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Surrogate Decision-makers and End-of-Life Care

By March 28, 2012Commentary

Health care spending is a problem in the United States and much of the focus is on the relatively small number of patients who generate much of the spending.  One class of these patients is people near the end of their lives, who often receive intensive care that does little to improve their health or even lengthen their lives.  Many of these people are incapacitated and decisions about their care are often made by surrogates–spouses, children, friends–who usually are not guided by advance directives.  New research in the Annals of Internal Medicine looks at how these surrogates process prognostic information given to them by physicians and other caregivers.  (Annals Article)   The research studied 80 surrogates and looked at their interpretation of prognostic statements.  The research confirmed that surrogates often interpret prognostic information more optimistically than physicians understand it and intend it to be understood.  Participants tended to interpret statements about high likelihood of survival accurately, but tended to have an overly optimistic interpretation of statements conveying a high likelihood of death.  Further analysis and interviews suggest that this is due to surrogates own biases toward wanting to believe that survival will occur.  The implications for health care use are that these surrogates will then encourage greater use of treatments that have little to no chance of making any real difference.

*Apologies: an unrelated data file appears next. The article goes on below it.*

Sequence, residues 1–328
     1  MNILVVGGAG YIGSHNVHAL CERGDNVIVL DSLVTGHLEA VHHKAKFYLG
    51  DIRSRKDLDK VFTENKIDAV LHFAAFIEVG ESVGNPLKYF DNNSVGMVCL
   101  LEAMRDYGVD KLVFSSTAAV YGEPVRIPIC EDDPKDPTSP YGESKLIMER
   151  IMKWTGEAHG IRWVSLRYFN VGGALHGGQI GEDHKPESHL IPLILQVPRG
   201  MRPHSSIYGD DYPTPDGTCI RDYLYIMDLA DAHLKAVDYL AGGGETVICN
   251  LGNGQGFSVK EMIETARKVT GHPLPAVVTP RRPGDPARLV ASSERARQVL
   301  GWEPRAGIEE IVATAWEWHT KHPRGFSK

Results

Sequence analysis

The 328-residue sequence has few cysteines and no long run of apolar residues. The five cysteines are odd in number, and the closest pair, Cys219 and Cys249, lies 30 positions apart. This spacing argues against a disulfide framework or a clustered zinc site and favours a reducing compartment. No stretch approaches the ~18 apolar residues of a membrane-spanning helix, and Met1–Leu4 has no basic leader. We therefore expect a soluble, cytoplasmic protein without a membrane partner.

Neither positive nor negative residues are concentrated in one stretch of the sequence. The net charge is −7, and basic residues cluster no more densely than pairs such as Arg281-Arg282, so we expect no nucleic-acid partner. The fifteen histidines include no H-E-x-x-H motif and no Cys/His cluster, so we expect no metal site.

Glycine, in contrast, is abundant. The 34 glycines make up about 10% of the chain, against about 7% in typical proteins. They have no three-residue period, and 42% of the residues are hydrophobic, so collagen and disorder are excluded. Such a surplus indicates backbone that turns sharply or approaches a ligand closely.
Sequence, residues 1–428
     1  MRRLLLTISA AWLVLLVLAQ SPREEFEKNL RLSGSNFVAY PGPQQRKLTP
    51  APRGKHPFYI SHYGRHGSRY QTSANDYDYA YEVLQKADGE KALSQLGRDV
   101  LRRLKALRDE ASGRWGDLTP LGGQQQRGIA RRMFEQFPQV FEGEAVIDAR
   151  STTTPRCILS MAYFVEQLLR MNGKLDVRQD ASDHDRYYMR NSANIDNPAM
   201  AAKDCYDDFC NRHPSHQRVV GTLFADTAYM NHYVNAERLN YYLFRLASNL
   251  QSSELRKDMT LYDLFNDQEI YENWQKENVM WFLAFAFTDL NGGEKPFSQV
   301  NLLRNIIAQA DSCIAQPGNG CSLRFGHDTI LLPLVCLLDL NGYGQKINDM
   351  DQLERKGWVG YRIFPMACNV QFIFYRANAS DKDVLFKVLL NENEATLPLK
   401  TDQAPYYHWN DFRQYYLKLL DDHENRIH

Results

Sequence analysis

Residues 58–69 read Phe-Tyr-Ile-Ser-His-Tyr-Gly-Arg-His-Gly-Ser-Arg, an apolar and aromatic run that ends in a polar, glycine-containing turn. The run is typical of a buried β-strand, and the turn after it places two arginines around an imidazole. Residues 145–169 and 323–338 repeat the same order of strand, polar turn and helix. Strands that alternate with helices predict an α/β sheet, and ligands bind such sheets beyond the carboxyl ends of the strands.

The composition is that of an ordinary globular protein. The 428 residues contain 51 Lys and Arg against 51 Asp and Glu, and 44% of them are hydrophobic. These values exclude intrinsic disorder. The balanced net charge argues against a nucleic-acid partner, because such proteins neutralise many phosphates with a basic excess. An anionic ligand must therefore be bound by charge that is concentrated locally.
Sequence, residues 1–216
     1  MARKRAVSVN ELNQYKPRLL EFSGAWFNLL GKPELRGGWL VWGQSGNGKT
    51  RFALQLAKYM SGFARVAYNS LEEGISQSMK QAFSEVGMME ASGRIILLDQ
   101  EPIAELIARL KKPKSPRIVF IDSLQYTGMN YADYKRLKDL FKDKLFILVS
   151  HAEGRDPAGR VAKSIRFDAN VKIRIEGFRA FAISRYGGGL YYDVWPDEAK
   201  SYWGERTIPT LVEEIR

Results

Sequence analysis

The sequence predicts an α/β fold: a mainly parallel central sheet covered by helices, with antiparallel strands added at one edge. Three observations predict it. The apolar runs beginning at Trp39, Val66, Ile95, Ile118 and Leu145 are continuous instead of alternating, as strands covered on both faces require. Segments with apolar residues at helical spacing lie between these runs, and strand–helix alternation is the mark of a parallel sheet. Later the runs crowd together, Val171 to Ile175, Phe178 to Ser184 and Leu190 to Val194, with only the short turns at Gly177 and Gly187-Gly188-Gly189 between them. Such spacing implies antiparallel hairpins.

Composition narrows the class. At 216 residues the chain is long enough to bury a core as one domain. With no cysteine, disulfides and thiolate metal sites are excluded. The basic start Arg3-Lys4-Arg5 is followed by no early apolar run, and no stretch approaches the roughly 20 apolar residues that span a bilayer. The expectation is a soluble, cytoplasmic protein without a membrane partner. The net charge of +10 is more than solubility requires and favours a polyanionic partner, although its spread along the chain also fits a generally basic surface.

One of the fastest growing areas of human knowledge is understanding of our own mental processes and behavior.  This has enormous applicability to health care, both in influencing people’s behavior regarding their health and their decisions about health care services and products.  Understanding the decision-making process is critical, but becomes more complex when surrogates are involved, as they often are in end-of-life care.  The disgraceful “death panel” label on needed and important discussions with patients about their end-of-life care has impeded progress.  All patients should be strongly encouraged and incented to provide detailed advance directives about their care in a terminal situation.  Not the smallest benefit of this would be saving a lot of emotional anguish for people who otherwise become surrogate decision-makers.  And when there are surrogates, they should be educated on the role their own cognitive biases may play in their decision-making.

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